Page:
Hogwarts has nothing on New York’s High School Of Performing Arts. The idea of a school where hundreds of supremely talented, intense kids are packed together to pursue any and every artistic discipline, regardless of class, race, gender, beliefs or background, is practically magical. It’s a guaranteed breeding ground for vast personal drama, heavily imbued with the sense of boundless potential being recognized, then either rewarded or rejected. The setting proved so richly successful in Alan Parker’s 1980 movie musical Fame that it spawned a six-season spin-off TV series, a series of records and performance tours, a reality-TV competition, and a stage musical. It’s no wonder the idea is back, via a 2009 remake helmed by first-timer Kevin Tancharoen.
The big surprise is how much the remake respects the original. Like its predecessor, the 2009 Fame is a scattershot series of portraits with no clear protagonist. The film breaks up into five sections: first 10,000 teenagers audition to fill 200 slots at “P.A.,” as they call the school, and then the film checks in with them briefly over each of the four years ’til graduation. Their personal stories are naked clichés: pianist Naturi Naughton suffers under her father’s oppressive expectations, actor/rapper Collins Pennie represses his deepest emotions, dancer Paul McGill shares his peers’ desire but not their talent, and so on. Each plot plays out via, at most, a couple of scenes of setup and one of resolution. It’s like a full season of The Wire, edited down to a brisk season recap.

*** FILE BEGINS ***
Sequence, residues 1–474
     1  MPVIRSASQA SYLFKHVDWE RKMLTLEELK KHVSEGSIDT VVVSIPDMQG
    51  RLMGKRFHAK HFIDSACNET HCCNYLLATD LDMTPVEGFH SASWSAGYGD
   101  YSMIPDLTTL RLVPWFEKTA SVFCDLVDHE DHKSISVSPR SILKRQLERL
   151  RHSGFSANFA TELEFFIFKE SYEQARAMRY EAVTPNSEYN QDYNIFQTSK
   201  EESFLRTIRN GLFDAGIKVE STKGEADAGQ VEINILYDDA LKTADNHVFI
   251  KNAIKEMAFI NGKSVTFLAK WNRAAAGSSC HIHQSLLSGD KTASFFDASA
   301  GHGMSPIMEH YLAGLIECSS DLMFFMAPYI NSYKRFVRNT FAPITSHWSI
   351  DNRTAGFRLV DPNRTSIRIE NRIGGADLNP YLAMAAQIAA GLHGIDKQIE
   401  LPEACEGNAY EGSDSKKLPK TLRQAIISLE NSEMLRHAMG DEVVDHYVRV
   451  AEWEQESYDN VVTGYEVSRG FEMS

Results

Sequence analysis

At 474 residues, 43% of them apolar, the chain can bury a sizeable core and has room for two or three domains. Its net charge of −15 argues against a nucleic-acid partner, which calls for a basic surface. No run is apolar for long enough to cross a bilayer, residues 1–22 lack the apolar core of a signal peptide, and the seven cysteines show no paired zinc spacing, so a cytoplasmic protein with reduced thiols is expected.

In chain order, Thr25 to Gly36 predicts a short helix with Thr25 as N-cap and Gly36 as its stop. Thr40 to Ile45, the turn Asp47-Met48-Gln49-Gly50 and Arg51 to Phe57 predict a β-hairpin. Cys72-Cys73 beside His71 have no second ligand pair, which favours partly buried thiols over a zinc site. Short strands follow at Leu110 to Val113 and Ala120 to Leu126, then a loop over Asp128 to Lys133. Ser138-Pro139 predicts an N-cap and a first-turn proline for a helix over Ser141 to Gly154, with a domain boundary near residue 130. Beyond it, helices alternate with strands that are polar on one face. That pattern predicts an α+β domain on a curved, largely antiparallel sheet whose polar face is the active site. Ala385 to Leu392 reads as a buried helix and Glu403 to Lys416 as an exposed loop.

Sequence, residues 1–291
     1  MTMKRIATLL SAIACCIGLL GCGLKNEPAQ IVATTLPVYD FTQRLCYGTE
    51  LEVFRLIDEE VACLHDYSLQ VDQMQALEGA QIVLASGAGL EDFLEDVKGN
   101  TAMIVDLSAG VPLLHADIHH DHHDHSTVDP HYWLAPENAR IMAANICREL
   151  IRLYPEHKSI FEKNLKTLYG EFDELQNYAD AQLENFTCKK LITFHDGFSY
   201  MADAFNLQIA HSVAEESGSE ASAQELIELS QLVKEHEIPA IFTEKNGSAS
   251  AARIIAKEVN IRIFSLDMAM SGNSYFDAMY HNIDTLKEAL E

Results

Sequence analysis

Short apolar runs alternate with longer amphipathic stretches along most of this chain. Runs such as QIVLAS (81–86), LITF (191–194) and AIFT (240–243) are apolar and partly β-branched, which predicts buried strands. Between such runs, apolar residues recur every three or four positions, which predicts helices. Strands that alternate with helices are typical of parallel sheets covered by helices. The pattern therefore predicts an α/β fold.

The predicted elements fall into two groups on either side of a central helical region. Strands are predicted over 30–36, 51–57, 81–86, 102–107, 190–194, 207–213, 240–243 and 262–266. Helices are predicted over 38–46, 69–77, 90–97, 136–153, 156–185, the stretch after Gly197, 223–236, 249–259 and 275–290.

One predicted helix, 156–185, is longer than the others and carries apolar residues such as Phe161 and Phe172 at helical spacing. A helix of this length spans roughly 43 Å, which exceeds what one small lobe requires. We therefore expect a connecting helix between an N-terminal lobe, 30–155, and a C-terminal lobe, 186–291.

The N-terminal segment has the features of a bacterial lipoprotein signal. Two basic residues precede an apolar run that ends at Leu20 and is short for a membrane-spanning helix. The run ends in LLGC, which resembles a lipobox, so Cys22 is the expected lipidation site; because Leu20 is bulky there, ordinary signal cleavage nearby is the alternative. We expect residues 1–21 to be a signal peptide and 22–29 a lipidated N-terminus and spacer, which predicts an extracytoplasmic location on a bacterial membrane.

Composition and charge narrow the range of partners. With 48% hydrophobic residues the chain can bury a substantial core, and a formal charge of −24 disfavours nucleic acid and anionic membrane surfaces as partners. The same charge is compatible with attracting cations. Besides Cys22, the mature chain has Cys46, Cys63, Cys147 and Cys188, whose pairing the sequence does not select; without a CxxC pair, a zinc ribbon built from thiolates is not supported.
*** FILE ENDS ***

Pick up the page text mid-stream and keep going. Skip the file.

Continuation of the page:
But by not wallowing in any of these stories, Tancharoen and screenwriter Allison Burnett focus on the vivid emotions rather than the trite details. That’s a bit of a cheat, but it works fine as a mere minor background to the joyous performances, from a wild interdisciplinary cafeteria jam inspired by the first Fame to a strikingly dramatic Bob Fosse-esque dance piece to Naughton’s heartbreaking cover of the first film’s Oscar-nominated hit “Out Here On My Own.” (The only other musical reprise from the 1980 movie is Naughton’s take on the title song.) The music leans more toward hip-hop and R&B than in the original, but there’s still room for a soupçon of everything in Tancharoen’s world, from ballet to tap to camcorder filmmaking to Chicago showtunes. The creators’ instincts only fail when they push too far in the direction of High School Musical, with one too many pretty Zac Efron types, and too much radio polish: When singer Asher Book, mic-and-music-free for his audition, opens his mouth and produces a processed-to-the-max, radio-ready ballad, the moment is disingenuous, artificial, and cloying. But there are few such wrong moves in a film that’s largely a raw, uplifting love letter to creativity in every possible form.